Inter-American Convention, ch. II, art. 7, 46 Stat. at 2918. (emphasis added). Here, Plaintiffs have not complied with United States law because they have no rights to the mark. As discussed above, Plaintiffs have no rights to the registered mark. Thus, Plaintiffs have no standing to assert a preferential right to use the mark. Plaintiffs, therefore, cannot advance a claim under Article 7.

 3. Plaintiffs' Proposed Fourth Claim

 Plaintiffs seek to protect the "Havana Club" trade name under §§ 44(g) and (h) of the Lanham Act as well as Chapter III of the Inter-American Convention. A trade name as defined by federal law cannot be registered under the Lanham Act. See Application of Walker Process Equipment, Inc., 43 C.C.P.A. 913, 915; 233 F.2d 329, 331 (C.C.P.A. 1956); 1 J. Thomas McCarthy, McCarthy on Trademarks and Unfair Competition, § 9.13 (3d ed. 1997). The rationale behind this rule is that "a trade name is usually adopted for the purpose of identifying the company and distinguishing it from other producers, rather than for the trademark purpose of identifying goods, and distinguishing them from those produced by other producers." Id. Use of the trade name is the basis for obtaining exclusionary rights; under the Lanham Act, a trade name is "used by a person to identify his or her business or vocation." 15 U.S.C. § 1127. As with trademarks, the test of infringement of trade names is likelihood of confusion." See Lang v. Retirement Living Publishing Co., 949 F.2d 576, 579-80 (2d Cir. 1991).

 As noted above, Plaintiffs acknowledge their inability to sell rum in the United States due to the CACR. However, Plaintiffs argue that they have used their trade name in a manner which identifies their business. See First Amend. Compl. P 36. Plaintiffs' use of the trade name abroad, id. P 25; the importation of Havana Club rum into the United States as accompanying baggage, id. at P 28; and the "repeated, extensive, continuous and widespread mention and discussion" of Havana Club rum in United States newspapers and periodicals have all helped to establish in the public mind that Plaintiffs are the producers of Havana Club rum, id. at P 38. Even if Plaintiffs' established use of their trade name were not sufficient to identify them as producers of the rum, the CACR is a temporary suspension of Plaintiffs' ability to use the trade name. See Cuban Cigar Brands N.V. v. Upmann Int'l, Inc., 457 F. Supp. 1090, 1101 (S.D.N.Y. 1978) (plaintiff found not to have abandoned mark when prevented from exporting cigars into the United States due to intervention by Cuban government). Without the obstacles of the CACR, Plaintiffs would, as they claim, be able to establish a greater presence in the United States as producers of Havana Club rum. Plaintiffs therefore allege that the use of the Havana Club mark by Defendants will lead to consumer confusion and error. Plaintiffs are permitted to amend their complaint to assert this claim.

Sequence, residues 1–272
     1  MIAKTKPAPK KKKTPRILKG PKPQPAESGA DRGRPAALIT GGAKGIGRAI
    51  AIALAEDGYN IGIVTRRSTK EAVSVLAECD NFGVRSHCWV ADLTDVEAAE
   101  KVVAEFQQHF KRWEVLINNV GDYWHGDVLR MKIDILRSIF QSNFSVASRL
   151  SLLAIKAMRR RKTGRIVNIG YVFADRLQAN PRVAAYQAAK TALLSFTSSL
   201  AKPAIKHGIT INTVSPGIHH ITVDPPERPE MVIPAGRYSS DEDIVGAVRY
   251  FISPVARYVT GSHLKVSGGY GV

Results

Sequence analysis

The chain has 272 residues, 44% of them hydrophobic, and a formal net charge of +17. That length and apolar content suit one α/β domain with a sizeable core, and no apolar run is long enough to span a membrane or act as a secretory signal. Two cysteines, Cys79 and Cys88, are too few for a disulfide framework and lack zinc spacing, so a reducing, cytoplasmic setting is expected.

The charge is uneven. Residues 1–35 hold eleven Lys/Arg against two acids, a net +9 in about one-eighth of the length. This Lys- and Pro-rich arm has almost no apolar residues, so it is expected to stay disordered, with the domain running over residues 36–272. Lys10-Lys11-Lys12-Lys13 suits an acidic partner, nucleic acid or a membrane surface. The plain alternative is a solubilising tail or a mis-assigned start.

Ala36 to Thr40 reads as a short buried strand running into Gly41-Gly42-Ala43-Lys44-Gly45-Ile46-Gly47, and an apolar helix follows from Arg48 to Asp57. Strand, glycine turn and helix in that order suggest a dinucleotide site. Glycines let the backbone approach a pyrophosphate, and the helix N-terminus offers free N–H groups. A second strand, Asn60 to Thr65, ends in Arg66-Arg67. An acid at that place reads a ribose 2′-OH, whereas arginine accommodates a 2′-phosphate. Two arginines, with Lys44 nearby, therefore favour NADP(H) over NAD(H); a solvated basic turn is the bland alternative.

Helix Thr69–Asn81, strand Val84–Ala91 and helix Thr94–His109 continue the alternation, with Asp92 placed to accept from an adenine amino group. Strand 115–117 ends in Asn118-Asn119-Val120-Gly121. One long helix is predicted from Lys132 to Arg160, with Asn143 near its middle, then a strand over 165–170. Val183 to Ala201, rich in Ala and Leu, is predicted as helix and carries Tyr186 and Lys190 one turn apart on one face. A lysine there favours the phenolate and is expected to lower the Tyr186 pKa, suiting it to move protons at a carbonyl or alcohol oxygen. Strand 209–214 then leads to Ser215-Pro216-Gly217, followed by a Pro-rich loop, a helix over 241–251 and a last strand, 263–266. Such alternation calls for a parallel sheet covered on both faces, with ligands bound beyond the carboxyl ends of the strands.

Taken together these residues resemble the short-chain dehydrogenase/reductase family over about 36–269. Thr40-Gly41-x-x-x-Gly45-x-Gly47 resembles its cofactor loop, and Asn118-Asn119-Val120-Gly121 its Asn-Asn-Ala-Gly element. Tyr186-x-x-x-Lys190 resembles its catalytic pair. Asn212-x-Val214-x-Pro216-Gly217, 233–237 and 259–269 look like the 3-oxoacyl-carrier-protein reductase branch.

Plaintiffs also seek to assert a claim under Chapter III of the Inter-American Convention. Chapter III plainly allows nationals of signatory nations to oppose another's use of an infringing mark. Article 18 of Chapter III states that any owner of a trade name in a signatory nation "may, in accordance with the law and procedure of the country where the proceeding is brought, apply for and obtain an injunction against the use of any commercial name" by proving (a) the infringing mark or commercial name is identical with or deceptively similar to Plaintiffs' commercial name and (b) that prior to Defendants' use, Plaintiffs adopted and used the name. See Inter-American Convention, ch. III, art. 18. Plaintiffs allege Defendants' infringing mark is identical with or deceptively similar to theirs. Plaintiffs also satisfy the use requirement of Chapter III through the use of their trade name in Cuba. Accordingly, Plaintiffs may bring a claim to protect their trade name under the Inter-American Convention.


  Plaintiffs move to dismiss the following counterclaims: (1) a declaratory judgment that Defendants have "the prior, superior and exclusive right" to use the mark on the basis of the alleged rights of a former Cuban corporation, Jose Arechabala, S.A.; (2) the cancellation of the registration on the belief that Plaintiffs have used the mark to misrepresent the source of the goods in violation of the Lanham Act, 15 U.S.C. § 1064(3); and (3) three separate claims of fraud arising from Cubaexport's original application to register the mark and filing of a declaration of continuing use pursuant to § 8 of the Lanham Act, 15 U.S.C. § 1058.

  It is too early to decide these motions. As discussed above, Cubaexport should now be a participant in this action. Cubaexport may seek to raise its own defenses to Defendants' counterclaims and should be given the opportunity to do so. In light of the decision to restore Cubaexport's rights to the mark, Defendants may want to reconsider their counterclaims. Because Plaintiffs' motion is premature, that motion is denied without prejudice to renew at a later date.


  For the reasons set forth above, Plaintiffs have obtained no rights to the Havana Club trademark via the CACR or the Inter-American Convention. As a result of the invalid transfer, however, Cubaexport's rights to the mark are restored and Defendants' motion for cancellation of Registration No. 1,031,651 is denied. Plaintiffs' motion to amend their complaint is granted, in part, and denied, in part. Plaintiffs' motion to dismiss certain of Defendants' counterclaims is denied without prejudice. A status conference is scheduled for August 14, 1997 at 10 a.m.


  Shira A. Scheindlin


  Dated: New York, New York

  August 8, 1997